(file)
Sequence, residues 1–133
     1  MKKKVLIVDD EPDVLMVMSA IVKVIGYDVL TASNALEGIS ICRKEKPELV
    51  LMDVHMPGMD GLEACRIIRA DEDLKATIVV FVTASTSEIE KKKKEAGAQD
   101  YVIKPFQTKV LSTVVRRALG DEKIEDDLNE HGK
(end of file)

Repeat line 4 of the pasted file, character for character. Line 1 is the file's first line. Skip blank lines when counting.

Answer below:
   101  YVIKPFQTKV LSTVVRRALG DEKIEDDLNE HGK